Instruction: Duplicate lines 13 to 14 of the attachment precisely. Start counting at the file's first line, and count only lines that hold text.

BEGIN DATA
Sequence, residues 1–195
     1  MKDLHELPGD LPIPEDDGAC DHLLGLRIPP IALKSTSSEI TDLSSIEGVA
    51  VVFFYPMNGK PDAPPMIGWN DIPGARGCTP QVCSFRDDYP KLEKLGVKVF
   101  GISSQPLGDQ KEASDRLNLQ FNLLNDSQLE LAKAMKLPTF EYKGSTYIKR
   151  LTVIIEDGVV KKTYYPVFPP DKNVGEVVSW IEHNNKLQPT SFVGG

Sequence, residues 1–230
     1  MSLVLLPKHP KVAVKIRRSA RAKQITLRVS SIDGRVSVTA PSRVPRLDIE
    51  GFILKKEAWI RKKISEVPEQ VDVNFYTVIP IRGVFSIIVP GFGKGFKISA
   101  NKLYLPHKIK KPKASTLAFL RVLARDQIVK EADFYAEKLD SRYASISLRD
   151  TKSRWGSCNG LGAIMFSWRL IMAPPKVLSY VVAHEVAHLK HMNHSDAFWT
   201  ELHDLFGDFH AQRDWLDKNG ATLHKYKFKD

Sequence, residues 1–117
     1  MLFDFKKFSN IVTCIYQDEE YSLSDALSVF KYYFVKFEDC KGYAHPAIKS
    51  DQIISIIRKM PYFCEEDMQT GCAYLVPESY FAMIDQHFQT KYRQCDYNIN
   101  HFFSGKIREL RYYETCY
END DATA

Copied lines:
     1  MLFDFKKFSN IVTCIYQDEE YSLSDALSVF KYYFVKFEDC KGYAHPAIKS
    51  DQIISIIRKM PYFCEEDMQT GCAYLVPESY FAMIDQHFQT KYRQCDYNIN